Sunday, November 18, 2007

The Auld Sod

My family - and when I say "family" I mean "a bunch of shoeless peasants who died 150 years ago" - didn't come directly from Ireland to Boston, but rather, banked off of Prince Edward Island, Canada. "Banked" isn't really the right word, since today there are more people in PEI with my last name than anywhere else in the world. (My eponymous Google-Alert sends me a lot of links to the Eastern Graphic, the Summerside Journal-Pioneer and the Charlottetown Guardian ["Covers Prince Edward Island Like the Dew."])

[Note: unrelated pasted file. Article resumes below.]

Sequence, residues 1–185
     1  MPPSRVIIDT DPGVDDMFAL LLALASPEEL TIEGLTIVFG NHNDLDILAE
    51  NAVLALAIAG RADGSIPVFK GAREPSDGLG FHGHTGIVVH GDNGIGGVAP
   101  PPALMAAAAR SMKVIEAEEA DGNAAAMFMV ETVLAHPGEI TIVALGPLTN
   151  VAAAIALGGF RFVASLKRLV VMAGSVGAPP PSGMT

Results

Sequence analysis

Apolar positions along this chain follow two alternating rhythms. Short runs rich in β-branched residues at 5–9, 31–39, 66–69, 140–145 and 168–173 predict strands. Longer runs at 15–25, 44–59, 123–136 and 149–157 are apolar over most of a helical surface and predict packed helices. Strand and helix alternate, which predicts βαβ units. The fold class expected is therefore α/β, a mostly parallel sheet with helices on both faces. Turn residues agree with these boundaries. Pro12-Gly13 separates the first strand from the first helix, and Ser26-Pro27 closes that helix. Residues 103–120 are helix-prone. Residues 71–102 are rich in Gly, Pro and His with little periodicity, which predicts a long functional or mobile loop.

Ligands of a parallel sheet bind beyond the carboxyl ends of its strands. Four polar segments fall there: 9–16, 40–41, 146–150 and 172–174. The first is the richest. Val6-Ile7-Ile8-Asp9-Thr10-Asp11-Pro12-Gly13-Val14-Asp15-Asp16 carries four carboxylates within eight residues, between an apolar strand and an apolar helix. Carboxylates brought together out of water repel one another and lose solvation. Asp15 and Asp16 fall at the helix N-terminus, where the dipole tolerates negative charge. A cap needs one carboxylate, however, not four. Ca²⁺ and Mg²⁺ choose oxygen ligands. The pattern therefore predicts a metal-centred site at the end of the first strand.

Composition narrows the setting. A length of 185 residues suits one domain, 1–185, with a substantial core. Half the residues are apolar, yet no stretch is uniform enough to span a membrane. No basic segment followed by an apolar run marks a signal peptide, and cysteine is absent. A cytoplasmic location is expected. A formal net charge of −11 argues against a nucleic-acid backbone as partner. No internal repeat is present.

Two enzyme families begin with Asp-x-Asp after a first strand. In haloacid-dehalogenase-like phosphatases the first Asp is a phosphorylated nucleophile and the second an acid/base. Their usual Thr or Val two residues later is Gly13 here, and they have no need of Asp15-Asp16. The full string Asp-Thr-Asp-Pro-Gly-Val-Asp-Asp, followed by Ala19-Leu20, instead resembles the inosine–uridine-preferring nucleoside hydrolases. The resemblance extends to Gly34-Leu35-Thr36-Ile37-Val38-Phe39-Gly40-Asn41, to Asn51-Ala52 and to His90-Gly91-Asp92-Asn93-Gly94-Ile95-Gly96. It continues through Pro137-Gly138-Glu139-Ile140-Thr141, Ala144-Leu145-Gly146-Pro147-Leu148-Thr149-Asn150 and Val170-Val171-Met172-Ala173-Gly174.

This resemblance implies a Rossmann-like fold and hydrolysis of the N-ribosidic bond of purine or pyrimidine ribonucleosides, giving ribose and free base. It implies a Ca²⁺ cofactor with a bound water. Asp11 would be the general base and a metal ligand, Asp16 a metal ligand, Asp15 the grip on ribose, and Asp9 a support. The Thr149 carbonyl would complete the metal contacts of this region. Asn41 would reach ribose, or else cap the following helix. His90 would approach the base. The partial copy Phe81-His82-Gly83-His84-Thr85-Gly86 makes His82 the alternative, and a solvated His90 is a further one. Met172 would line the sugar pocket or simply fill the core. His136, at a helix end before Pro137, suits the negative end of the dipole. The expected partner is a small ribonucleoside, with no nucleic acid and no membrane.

Today's NYT explains why they stayed:

For shellfish it's paradise, with cold, clean water that's not sullied by coastal industry and has an optimal degree of salinity, thanks to its partial protection from the open sea.

“It's the Cognac of shellfish-growing regions,” said John Bil, one of the island's shellfish shamans, not to mention one of Canada's fastest oyster shuckers.

...Just as some people trek all the way to Piedmont for white truffles or Alaska for salmon, I journeyed to Prince Edward Island for oysters and mussels.

This is where the oysters that go by the designations or labels Malpeque, Raspberry Point and Colville Bay originate. This is what the initials P.E.I. in front of a mussel mean. A P.E.I. mussel is like Niman Ranch pork: a brand with real clout, a boast restaurateurs itch to make.

Read the whole thing, it's pretty enchanting. Disgracefully, I've never been there.

No comments: